My main target for the trip was the Storulvån mountain station. It has a good reputation and it’s suitable for day hikers like me because the place is surrounded by mountains. The prices are a bit on the high side for something that’s part of the Youth Hostel chain, however let’s not forget that we’re almost up at the tree line. Another important thing to remember is that you get your money’s worth – I love that place! Since I’m partial to big breakfasts, I also invested in their morning feast. What can I say – breakfast for champions for sure. I was happy looking around the restaurant while eating – for once I felt at home as hiking pants and fleece sweaters were the norm, not the exception. Bliss.
But it was raining. A lot. I decided to make a brief trip to a suspension bridge over the Handölan river to feel out the conditions. It is relatively warm (no worries about snow then) but oh the rain; if there was anything good I could say about the weather, then at least the clouds weren’t very low as the mountains immediately around were visible. The bridge then, it was a bit of a disappointment, I expected wood planks and ropes but it was all metal. I crossed it over and came back and it has to be said that the metal constructions was a bit more reassuring than wood and ropes, even if one of the side support cables was worn cut.
Back in the hostel, I had to make some adjustments to my clothing because of the rain and warm temperature. There is something to be said for functional clothing – it really works and keeps you comfortable no matter what the conditions are. Out here the looks really don’t matter. Another good investment is contact lenses; I really hate it when you lose visibility because the water is running down the glasses.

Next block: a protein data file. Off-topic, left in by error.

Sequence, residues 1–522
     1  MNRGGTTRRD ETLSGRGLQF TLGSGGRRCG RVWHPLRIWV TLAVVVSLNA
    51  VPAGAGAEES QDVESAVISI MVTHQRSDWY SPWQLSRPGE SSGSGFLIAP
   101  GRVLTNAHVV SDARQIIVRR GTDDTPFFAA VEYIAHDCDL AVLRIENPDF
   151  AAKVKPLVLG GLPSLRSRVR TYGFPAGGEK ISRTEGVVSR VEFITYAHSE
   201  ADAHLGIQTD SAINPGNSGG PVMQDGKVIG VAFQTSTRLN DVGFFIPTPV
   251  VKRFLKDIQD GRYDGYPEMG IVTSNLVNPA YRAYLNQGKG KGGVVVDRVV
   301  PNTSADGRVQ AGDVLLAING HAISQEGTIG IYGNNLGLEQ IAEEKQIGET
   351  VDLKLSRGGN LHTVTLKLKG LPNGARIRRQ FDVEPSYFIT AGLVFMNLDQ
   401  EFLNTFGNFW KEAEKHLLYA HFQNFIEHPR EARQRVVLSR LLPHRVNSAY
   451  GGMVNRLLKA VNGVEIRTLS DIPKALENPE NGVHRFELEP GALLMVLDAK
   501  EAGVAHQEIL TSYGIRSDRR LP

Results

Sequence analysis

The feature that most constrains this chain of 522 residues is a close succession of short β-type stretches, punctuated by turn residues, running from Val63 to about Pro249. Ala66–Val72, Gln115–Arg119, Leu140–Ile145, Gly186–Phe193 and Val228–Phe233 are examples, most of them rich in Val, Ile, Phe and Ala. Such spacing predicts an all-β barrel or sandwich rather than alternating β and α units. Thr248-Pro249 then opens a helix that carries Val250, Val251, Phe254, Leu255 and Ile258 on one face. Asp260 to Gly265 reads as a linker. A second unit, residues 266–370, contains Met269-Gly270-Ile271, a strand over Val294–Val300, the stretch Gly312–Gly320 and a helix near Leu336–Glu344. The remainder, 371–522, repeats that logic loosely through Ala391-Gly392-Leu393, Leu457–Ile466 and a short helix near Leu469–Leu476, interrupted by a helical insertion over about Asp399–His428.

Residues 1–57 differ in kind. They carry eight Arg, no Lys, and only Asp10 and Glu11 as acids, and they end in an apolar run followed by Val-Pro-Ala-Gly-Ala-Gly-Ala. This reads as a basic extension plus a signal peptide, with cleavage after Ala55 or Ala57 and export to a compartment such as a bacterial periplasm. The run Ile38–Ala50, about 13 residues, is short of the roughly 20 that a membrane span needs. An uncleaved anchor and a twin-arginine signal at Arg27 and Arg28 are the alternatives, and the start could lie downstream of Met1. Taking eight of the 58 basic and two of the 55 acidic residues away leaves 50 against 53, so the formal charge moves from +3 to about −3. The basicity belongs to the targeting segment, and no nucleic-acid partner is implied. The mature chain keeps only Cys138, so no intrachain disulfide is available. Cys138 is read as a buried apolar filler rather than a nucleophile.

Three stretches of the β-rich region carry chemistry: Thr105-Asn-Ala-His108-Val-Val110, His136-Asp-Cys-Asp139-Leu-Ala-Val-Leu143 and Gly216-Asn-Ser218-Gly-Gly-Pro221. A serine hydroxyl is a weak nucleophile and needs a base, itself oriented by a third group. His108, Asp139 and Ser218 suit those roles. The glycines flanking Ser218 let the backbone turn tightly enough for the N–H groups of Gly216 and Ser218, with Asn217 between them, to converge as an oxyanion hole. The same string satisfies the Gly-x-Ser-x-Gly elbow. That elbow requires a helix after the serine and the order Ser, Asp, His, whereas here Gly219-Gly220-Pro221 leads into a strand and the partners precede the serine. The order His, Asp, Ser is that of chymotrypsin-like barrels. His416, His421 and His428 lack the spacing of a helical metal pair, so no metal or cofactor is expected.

So I climbed up the rather easy trail to the tree line and continued towards Sylarna. No Sylarna visible though – rain and clouds you know. At one point the rain got really heavy, so heavy that with the gusting wind, the rain drops felt almost like needles on my face and the sound they were making on my hood was deafening. I was lucky to have a crop off birches just off the trail so I found what little protection there was, but now I was starting to feel the effects of the conditions and all my rain guarding started to feel inadequate. I was not just a little worried to see that my rucksack was soaked – the camera was in there. When the worst rain dissipated, I went back on the trail and saw something move on the opposide side of the valley. Had to stop for a moment to see if it really was a person or a reindeer, and sure enough it was someone else braving the elements. He more than me, actually – he was hiking between the mountain cabins, I was just making small excursions. My short hikes in the rain and the wind might earn me bragging rights in the office, but out here I’m the novice.
By now I decided that it simply wasn’t worth the trouble anymore as Sylarna wouldn’t be visible anyway, so I turned back. I was definitely feeling less comfortable now. I was getting a bit cold, the rain somehow beat my face on my way back in like it had been walking out, and I definitely did not need the jacket side ventilation zips open anymore as I surmised that they had let in not only air, but also rain. Back in the hostel I unpacked the camera with some trepidation but was relieved to notice that although the bag was definitely not as waterproof as it should’ve been, the gear was dry – protected by the plastic bag and pack towel I had wrapped around it.
It was still only early afternoon and I hoped that the weather would turn at least a little bit so I could go out some more. But it just kept raining. A lot. And the wind was hard; the kind of wind that beats stormy waves in the surface of the smallest of puddles. Nope, just gotta hope for better weather tomorrow.
Despite all the discomforts and the slight disappointment of not having any photo ops, the day hasn’t been wasted. It does’t matter if the wind is so hard it almost knocks you off a bridge. It doesn’t matter if it’s raining so hard it cuts through your waterproof clothing. It doesn’t matter if the trail becomes a river of water and mud; what matters is that I’m out here and if only for a brief moment, I feel alive!